At her core, Voron feels privileged by the interactions. “I feel that I have been awarded an incredible honor to be trusted with such intensely personal stories. These encounters are the greatest gifts I have received from losing my hair.”

Teaching Others How to Cope

Beyond her daily interactions, Voron is taking the next steps towards embracing a role as a coping expert through blogging for Everyday Health, The Huffington Post, and for her own blog, The Good, The Bad and the Snuggly. She has also enjoyed motivational speaking engagements with the likes of The National Alopecia Areata Foundation, The Susan G. Komen Foundation, Bloomberg, Inc, and her own charity organization, Bald Dolls 4 Bald Kids. “It’s really what I felt I was meant to do,” she says.

“I have a very positive outlook on how to get through crises,” says Voron, who is driven by the realization that she can help others by sharing her experiences and being open about her struggles both in person and online. “I think that those stories and those tools would be great to share with others. I’m not saying it’s the only way, but my way is worth sharing,” she says.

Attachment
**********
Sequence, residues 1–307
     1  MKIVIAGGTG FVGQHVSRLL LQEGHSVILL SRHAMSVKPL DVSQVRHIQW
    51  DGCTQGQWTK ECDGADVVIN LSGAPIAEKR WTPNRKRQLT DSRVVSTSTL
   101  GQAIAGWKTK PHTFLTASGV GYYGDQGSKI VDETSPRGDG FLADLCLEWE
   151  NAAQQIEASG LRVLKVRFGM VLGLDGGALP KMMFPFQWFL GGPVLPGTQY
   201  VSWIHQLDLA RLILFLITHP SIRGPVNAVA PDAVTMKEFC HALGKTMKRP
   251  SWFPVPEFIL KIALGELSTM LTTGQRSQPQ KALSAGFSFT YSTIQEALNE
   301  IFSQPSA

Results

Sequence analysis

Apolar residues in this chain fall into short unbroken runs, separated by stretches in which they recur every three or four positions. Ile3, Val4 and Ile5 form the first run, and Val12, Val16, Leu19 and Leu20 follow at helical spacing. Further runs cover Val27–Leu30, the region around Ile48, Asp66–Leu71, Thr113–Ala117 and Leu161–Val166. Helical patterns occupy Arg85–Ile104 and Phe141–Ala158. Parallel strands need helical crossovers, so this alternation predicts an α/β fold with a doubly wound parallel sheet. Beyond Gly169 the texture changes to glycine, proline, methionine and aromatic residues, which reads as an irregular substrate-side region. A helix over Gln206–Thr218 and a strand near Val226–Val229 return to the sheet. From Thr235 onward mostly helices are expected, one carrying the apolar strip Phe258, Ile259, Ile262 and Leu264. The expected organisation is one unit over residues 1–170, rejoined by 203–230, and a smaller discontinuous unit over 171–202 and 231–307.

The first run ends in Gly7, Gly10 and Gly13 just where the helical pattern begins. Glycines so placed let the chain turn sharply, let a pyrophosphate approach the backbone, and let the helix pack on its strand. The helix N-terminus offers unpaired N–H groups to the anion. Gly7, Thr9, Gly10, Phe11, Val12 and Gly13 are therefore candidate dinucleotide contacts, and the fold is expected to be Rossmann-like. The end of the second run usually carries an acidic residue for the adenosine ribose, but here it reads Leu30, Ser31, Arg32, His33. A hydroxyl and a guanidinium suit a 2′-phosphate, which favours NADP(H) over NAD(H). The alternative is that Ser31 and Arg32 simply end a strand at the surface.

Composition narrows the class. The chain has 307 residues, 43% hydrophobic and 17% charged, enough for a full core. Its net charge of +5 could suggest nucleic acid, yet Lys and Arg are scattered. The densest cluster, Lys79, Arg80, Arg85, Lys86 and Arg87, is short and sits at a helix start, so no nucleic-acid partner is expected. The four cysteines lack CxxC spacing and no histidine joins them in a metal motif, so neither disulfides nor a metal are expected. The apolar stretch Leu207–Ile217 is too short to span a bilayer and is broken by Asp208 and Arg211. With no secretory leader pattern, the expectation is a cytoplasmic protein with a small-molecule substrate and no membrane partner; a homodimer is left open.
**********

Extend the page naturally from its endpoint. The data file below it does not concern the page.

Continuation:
Obviously, there are thousands who agree. Voron’s post Why I’m Finally Sharing the Photos I Hid For Years went viral, receiving attention on Everyday Health, then The Huffington Post, and finally running on the Yahoo! homepage for 24 hours. In the post, Voron says, “I revealed insecurities about my appearance that I had been hiding for 20 years, and I shared photos of myself without eye makeup, in which all of those insecurities were highlighted.”

The bravery to reveal her vulnerabilities resonated with millions, and only served to set Voron forward on a course towards placing her self-affirming coping methods within the reach of anyone in need. “I feel like I’m organically taking my career and my experiences at Shipley and using them to do what I’ve always really wanted to do, which is help other people and guide other people through tough times,” she says.

For now, though, the next steps are yet to be taken and Voron is more than happy to enjoy life in Westchester, New York with her supportive husband, Mike, and their daughter, Joey Love. “Life is good,” says Voron.

Want to read more of those stories or connect with Voron? Check out her writing on Everyday Health or on her own blog, The Good, the Bad, and the Snuggly.

Listen to some of Voron's voiceover work at www.alilambert.com.
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The Shipley School is a private, coeducational day school for pre-kindergarten through 12th grade students, located in Bryn Mawr, PA. Through our commitment to educational excellence, we develop within each student a love of learning and a desire for compassionate participation in the world.